The Shop on Main Street has a somewhat interesting history with its U.S. release and the Academy Awards. The film was initially eligible for the 1965 Awards where it won best foreign language film due to the foreign submission rules. It later became a Oscar nominee the following year, due to different Oscar submission rules outside of the foreign language category, when Ida Kaminska was nominated for Best Actress. Jozef Kroner on the other hand was ignored despite the film being from his perspective to the point that Kaminska's role as the elderly Jewish button shop owner Rozalia Lautmannová really is a supporting one. The film follows the gentile in the situation who we see as a non too remarkable sort as the film opens. Kroner embodies a contentment in the discontentment. Kroner's eyes are almost glazed over as he watches soldier move through his town without a thought in his mind on the matter. He glances upon the sights of his occupied country without much interest. That contentment towards the severity of the situation facing his country Kroner portrays as coming from the discontent for his life. The discontent in his state as a poor carpenter which Kroner exudes so well with a grumbling lip, and a disposition that seems to be holding a bit of anger just in general towards his place in the world more than anything.

After a bit wallowing in himself it lashes out quite naturally towards his well to do brother-in-law, well to do by working as a collaborator with the Nazis. The lashing out scene is a great moment in Kroner's work because of how much petulance he brings to it very much emphasizing the state of the man who is more angry at his position, as well as jealous of his brother-in-law's position than anyone around him. Kroner makes  this a natural starting point and carefully doesn't go too far. He doesn't make Tóno a horrible person, but certainly not a good one. He though elicits the right sympathy just by portraying Tóno as an average man's whose behavior, while not pleasant, wouldn't be deemed too terrible if he was in a simpler situation. Despite the lashing though Tóno is given a position by his brother-in-law as the assigned Aryan to manage a shop owned by the elderly widow Rozalia Lautmannová. Kroner is great in his initial scene of arriving to the shop to "take over". In part he's good in just showing a now content Tóno who walks with such pride in the shop, then breaks this down though as he depicts such awkwardness as he attempts to explain the situation to Lautmannová who is hard of hearing.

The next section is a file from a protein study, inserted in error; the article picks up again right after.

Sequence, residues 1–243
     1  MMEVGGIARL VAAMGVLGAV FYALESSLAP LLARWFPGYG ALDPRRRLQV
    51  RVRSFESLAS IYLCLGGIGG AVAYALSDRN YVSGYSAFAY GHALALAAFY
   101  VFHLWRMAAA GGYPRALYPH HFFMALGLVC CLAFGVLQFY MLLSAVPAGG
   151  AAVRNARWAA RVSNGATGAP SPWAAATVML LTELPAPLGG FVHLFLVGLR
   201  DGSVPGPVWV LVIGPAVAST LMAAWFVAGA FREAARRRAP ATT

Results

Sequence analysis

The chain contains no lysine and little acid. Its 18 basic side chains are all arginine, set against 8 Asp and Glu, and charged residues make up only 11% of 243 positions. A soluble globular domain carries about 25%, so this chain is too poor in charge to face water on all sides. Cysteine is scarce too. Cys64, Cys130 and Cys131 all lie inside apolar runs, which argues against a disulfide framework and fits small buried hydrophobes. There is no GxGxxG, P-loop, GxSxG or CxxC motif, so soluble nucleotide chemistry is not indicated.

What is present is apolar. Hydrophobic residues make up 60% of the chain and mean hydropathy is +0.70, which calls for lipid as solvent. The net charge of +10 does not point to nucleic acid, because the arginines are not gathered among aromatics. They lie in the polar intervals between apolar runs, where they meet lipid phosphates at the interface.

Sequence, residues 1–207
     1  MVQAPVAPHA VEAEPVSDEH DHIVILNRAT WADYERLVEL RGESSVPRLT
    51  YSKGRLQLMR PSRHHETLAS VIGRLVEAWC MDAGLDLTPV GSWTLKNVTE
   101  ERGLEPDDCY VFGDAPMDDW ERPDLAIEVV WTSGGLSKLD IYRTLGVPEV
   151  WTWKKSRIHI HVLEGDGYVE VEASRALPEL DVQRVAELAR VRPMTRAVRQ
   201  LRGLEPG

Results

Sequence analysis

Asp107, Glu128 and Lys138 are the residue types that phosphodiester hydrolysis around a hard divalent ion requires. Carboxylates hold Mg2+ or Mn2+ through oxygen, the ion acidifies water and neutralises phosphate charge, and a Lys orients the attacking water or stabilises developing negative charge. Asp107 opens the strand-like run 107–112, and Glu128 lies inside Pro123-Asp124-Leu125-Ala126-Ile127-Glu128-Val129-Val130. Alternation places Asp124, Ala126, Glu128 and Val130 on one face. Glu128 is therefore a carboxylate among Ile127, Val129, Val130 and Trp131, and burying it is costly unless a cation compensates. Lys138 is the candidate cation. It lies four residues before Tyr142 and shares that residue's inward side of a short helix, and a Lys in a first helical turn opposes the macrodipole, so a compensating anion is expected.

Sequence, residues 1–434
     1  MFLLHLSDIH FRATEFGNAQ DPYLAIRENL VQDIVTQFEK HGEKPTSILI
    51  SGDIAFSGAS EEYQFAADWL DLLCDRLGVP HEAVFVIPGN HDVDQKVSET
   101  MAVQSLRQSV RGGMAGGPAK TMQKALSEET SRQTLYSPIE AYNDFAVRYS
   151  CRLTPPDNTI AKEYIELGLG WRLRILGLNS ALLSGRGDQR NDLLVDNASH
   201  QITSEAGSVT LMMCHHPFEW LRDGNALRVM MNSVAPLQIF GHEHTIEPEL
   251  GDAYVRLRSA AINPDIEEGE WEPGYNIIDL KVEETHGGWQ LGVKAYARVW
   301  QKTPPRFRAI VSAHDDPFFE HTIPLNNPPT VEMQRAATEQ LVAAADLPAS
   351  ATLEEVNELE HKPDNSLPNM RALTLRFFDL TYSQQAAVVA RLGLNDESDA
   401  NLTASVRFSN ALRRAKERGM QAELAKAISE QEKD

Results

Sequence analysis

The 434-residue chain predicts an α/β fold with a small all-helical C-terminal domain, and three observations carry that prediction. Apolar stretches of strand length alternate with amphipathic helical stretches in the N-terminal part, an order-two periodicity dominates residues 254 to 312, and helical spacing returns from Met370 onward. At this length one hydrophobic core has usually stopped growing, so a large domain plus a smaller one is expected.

Kroner brings actually quite a bit of very natural humor to the moment by bringing such a genuine sheepishness in his depiction of the unease of Tóno as he tries to deliver some horrible news. Now the interesting things is that Kroner shows so effectively the way the seemingly now content Tóno has this moment of realization. Kroner finds this just in these early interactions by creating a sense of the empathy in Tóno towards the old woman in the situation as he struggles to even say the words. Kroner properly makes every moment of this having this tension of the man who realizes he's doing something he can't quite completely accept as right, as reinforces every moment with the right shyness that reflects this understanding of what this really means. Tóno soon learns that the woman is essentially bankrupt and the Jewish community will support him to support her. Kroner again is so good in just reflecting with such honesty the man taking all this in somewhat baffled, somewhat confused, but within his eyes the right hint of sympathy given the situation. This even includes the widow not really being all that nice to him once he starts to assist her in the shop.